Failure to treat the condition yields a mortality rate of 90% at a median age of 4 days.[1] Death occurs due to increased blood flow from the left side of the heart (oxygenated blood) to the right side (deoxygenated blood), inducing heart failure; pulmonary edema; and eventual closing of the ductus arteriosus.[7] For an infant with an interrupted aortic arch, a patent (open) ductus arteriosus allows for blood to bypass the "interruption," without which blood will be unable to reach the lower half of the body.[9] As a result, the kidneys fail and the blood becomes acidic, resulting in death.[7]

With modern surgical techniques, 81% of children with an interrupted aortic arch survive to be 15 years-old.[5] The fate of survivors in the long-term is still unclear.[1]

Surgical complications

The most common, early complication of surgery is bleeding, the risk of which can be increased by prematurity, prolonged acidosis prior to surgery, and excessive tension on the anastamosis due to inadequate mobilization of the ascending and descending aorta.[3] Other early complications include damage to the left recurrent laryngeal nerve and the phrenic nerve.[3] Late complications include obstruction of the graft and obstruction of the left main bronchus (which passes underneath the aortic arch).[3]


The incidence of an interrupted aortic arch is extremely rare, occurring between three[1] and twenty times per 1,000,000 births.[10] In the context of other congenital cardiac abnormalities, interrupted aortic arch represents about 1.5% of cases.[3]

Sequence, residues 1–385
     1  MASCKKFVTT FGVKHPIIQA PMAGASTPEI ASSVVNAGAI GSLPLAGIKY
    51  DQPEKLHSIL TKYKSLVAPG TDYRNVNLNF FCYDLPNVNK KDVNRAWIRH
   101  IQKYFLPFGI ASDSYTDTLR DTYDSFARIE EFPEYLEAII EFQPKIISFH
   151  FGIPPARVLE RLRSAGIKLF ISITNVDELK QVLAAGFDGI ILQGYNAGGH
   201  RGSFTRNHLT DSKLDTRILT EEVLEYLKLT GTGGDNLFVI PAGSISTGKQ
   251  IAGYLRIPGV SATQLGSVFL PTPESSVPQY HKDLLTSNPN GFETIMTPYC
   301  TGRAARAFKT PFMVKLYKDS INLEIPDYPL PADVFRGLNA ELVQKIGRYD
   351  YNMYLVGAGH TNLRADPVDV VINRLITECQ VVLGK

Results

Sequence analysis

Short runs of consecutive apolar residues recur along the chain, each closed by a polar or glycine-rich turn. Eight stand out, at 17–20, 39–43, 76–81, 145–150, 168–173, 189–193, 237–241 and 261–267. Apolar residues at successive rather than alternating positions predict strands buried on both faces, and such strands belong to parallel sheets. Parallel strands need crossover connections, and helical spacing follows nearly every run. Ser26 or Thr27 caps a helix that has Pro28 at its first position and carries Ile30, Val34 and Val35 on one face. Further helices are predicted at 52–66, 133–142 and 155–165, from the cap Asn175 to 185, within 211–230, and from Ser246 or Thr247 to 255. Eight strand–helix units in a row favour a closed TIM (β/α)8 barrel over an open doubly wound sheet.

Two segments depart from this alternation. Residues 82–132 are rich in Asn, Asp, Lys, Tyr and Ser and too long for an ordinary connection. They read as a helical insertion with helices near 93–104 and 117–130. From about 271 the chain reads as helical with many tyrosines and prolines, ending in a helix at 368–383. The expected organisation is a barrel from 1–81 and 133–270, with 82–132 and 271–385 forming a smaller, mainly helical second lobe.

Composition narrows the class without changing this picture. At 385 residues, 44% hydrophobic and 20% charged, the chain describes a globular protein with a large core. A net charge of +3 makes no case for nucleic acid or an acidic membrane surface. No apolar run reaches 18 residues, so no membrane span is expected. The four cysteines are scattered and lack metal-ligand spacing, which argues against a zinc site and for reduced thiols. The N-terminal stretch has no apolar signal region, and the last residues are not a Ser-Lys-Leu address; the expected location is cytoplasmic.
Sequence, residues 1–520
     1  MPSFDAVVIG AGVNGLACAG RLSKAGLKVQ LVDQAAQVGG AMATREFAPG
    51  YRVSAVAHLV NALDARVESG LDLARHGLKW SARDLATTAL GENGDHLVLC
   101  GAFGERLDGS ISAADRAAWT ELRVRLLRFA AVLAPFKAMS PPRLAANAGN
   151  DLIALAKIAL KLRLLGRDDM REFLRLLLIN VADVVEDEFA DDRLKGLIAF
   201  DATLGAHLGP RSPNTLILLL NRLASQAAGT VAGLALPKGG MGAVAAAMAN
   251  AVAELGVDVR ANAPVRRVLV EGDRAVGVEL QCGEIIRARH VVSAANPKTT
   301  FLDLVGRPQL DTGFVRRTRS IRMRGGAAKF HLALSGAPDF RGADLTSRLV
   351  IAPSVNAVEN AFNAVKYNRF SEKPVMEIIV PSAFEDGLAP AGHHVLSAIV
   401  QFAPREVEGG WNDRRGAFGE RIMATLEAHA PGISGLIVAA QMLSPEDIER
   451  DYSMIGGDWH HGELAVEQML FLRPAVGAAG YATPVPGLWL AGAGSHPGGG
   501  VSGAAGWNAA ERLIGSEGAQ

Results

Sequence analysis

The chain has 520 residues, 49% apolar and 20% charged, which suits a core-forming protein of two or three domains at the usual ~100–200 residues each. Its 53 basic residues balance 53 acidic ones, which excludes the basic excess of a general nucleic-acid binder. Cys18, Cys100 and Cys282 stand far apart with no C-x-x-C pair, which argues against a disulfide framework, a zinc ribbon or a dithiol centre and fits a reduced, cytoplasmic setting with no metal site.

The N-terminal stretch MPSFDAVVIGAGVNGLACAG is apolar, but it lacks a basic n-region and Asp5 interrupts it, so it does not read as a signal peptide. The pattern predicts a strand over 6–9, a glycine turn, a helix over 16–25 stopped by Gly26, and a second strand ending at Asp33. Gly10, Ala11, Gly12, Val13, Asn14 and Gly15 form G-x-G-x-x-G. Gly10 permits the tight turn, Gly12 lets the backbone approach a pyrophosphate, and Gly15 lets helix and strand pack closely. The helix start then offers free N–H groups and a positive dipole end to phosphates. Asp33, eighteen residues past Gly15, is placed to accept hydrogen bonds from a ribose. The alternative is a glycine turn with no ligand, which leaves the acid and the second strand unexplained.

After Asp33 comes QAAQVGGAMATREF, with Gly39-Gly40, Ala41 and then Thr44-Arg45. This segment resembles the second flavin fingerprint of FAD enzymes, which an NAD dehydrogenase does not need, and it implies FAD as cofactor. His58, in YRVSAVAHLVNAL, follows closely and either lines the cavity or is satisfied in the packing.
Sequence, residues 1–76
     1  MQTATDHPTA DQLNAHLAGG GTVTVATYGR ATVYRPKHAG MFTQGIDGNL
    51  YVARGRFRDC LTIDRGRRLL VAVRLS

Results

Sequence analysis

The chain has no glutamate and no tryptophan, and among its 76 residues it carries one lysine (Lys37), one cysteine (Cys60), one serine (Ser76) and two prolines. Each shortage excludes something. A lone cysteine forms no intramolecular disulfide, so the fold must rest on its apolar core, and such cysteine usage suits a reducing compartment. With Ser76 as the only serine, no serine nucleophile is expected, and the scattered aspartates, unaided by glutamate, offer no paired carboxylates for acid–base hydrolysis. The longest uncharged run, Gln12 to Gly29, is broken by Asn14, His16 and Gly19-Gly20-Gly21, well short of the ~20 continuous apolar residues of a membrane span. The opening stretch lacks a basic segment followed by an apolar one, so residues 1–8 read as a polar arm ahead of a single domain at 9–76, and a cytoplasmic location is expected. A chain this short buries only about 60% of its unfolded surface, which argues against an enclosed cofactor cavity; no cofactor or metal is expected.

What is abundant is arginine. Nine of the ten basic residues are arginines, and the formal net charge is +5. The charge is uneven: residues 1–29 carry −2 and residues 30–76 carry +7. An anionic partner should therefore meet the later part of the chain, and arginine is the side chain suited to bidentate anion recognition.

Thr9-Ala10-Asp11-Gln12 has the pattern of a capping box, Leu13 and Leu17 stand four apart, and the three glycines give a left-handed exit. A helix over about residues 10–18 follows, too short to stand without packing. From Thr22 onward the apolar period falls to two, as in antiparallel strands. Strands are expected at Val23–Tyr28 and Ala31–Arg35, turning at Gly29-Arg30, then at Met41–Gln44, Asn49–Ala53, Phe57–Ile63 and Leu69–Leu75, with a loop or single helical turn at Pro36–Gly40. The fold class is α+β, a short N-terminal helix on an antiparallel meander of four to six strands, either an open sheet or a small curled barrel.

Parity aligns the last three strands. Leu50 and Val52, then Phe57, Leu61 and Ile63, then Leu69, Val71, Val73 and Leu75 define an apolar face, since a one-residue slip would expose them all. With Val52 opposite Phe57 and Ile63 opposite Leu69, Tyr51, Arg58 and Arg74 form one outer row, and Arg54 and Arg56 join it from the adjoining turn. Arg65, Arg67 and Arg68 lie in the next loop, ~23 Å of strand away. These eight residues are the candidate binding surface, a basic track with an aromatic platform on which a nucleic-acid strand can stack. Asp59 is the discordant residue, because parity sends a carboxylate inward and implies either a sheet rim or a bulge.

The condition was first identified by Dr. Raphael Steidele, Professor of Obstetrics at the University of Vienna, in 1778.[11] In the case Steidele described, the infant had a type A interrupted aortic arch, and survived only for "a few hours."[11] In homage to the discoverer, the terminology of "Steidele's complex" has been used to describe an interrupted aortic arch.[11] The first type B interrupted aortic arch was reported by Seidel in 1818, and the first type C was reported by Weisman and Kesten in 1948.[7] The classification system (Types A, B, and C) were defined by Celoria and Patton in 1959.[1]

The first successful repair of a Type A interrupted aortic arch was reported in 1961, in which the left subclavian artery was grafted into the descending thoracic aorta in a 14-year-old male patient.[7] The first successful repair of a Type A interrupted aortic arch in an infant was in a 12-day-old infant in 1969, in which the left subclavian artery was connected to the descending thoracic aorta, the patent ductus arteriosus was closed, and the main pulmonary artery was banded.[7]

The first successful repair of a Type B interrupted aortic arch was in 1954, in which the 16 year-old, female patient's own aorta was grafted from the arch to the descending thoracic aorta and the left subclavian artery was ligated.[7] The first successful repair on a type B interrupted aortic arch in an infant was in 1973, in which a vein was used to connect the ascending aorta and the descending aorta.[7]

The first successful repair of a Type C interrupted aortic arch was in 1964, in which the 16-year-old female patient's ascending aorta was grafted to the descending thoracic aorta.[7] As of 1984, there had been no successful repairs on infants under one year old.[7]